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Vendor stops doing business with Market Basket

In a letter posted on Facebook, the chief executive of a major seafood supplier to Market Basket announced that his company was cutting its ties with the grocery chain over disappointment with its management.

In a 1,300-word letter, Boston Sword & Tuna chief executive Tim Malley said his company would stop working with Market Basket after its new management, strained by the walk-off of most of the company’s employees, made several serious blunders in dealing with his company and with Market Basket’s angry workers.

“We think the time has nearly run out for saving this great institution and all those who depend on it,” Malley’s letter said.

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Boston Sword & Tuna normally does $10 million in sales to Market Basket every year, Malley said in an interview. Although he expressed disappointment with the company’s co-chief executives, Felicia Thornton and James Gooch, Malley said he felt they were acting at the direction of the company’s board of directors, which is controlled by shareholders led by Arthur S. Demoulas.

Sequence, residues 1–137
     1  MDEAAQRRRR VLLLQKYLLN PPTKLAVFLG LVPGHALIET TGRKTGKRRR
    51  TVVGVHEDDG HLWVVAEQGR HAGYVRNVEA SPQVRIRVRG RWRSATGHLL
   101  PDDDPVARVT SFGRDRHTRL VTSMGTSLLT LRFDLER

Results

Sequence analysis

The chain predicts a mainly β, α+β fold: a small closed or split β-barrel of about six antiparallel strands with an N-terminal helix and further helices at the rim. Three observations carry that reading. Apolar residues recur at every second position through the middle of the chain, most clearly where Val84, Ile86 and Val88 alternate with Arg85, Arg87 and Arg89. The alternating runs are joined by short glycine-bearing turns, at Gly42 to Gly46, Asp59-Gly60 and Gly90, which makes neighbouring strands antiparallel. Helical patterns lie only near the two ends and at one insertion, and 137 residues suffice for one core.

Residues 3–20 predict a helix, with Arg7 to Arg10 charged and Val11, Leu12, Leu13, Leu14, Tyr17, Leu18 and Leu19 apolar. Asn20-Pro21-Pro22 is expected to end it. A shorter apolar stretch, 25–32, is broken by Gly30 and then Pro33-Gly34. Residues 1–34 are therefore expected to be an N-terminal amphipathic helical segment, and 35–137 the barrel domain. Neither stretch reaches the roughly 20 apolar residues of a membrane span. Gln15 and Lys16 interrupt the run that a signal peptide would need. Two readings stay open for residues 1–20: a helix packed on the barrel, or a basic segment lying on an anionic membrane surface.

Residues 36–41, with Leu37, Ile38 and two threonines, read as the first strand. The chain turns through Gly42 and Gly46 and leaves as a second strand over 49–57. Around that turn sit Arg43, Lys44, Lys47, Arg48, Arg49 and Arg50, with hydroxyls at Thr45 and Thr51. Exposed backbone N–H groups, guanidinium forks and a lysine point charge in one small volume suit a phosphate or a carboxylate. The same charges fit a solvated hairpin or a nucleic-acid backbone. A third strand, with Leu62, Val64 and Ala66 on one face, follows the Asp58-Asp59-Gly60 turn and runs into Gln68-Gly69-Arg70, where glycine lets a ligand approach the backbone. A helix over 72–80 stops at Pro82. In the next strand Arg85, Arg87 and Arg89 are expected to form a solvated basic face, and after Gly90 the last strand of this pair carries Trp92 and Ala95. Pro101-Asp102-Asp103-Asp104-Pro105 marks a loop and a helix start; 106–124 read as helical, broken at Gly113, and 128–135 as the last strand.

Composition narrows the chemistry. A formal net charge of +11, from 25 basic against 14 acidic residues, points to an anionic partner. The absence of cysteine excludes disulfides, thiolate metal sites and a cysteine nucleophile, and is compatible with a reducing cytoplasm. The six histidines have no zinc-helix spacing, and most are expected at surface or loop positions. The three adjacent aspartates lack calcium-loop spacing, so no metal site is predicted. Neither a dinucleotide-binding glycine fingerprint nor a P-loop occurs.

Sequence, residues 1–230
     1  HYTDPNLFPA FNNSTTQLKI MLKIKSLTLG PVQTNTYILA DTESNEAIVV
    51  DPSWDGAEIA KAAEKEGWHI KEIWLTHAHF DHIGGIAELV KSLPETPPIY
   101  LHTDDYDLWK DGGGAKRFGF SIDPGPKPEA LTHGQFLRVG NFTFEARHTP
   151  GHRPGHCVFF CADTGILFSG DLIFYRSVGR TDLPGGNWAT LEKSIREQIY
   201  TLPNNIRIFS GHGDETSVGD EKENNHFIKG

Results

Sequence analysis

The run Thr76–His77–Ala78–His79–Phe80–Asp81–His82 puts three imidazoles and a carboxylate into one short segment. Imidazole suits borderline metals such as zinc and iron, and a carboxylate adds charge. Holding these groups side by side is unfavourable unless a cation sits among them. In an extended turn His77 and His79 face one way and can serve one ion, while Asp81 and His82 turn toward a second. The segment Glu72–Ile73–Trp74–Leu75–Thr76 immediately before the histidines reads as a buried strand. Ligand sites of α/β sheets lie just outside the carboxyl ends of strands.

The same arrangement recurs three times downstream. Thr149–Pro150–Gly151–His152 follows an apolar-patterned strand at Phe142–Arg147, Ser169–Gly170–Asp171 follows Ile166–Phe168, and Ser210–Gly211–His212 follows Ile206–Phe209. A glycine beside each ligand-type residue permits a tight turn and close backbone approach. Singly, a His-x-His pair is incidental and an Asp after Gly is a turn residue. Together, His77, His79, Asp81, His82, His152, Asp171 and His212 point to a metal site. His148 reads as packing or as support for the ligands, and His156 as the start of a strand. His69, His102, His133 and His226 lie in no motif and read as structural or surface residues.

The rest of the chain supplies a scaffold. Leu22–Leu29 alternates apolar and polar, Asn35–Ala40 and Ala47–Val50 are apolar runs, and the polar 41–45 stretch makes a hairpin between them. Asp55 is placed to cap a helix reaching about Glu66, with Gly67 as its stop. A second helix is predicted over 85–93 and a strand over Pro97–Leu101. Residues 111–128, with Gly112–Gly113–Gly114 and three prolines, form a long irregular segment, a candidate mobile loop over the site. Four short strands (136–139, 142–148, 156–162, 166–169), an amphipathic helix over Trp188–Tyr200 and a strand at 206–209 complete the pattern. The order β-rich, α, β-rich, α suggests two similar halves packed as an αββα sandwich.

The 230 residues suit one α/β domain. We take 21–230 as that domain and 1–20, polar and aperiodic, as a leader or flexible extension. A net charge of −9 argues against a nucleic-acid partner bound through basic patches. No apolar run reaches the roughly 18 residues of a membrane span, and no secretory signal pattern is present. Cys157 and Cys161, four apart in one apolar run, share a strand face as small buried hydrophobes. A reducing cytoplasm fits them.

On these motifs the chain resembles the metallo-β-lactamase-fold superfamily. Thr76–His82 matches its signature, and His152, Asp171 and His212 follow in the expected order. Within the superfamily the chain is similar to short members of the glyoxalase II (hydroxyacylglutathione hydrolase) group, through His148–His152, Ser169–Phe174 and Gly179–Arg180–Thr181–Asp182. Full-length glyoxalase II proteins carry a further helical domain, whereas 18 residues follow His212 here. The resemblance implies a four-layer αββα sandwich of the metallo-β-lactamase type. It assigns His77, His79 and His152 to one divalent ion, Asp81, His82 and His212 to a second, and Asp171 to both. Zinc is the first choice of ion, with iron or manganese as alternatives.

The board of directors’ actions, he said, “were just erratic. They didn’t make any sense. They were making themselves just less and less likely to succeed.” In going public, Malley said, “we thought about the other vendors like us that were losing thousands of dollars, and the small people especially.”

A spokesman for Market Basket said the company had worked with Boston Sword and Tuna to try to find a solution, and said the company understood the problems many of its vendors faced by the curtailment of its purchases.


Jack Newsham can be reached at jack.newsham@globe.com. Follow him on Twitter @TheNewsHam.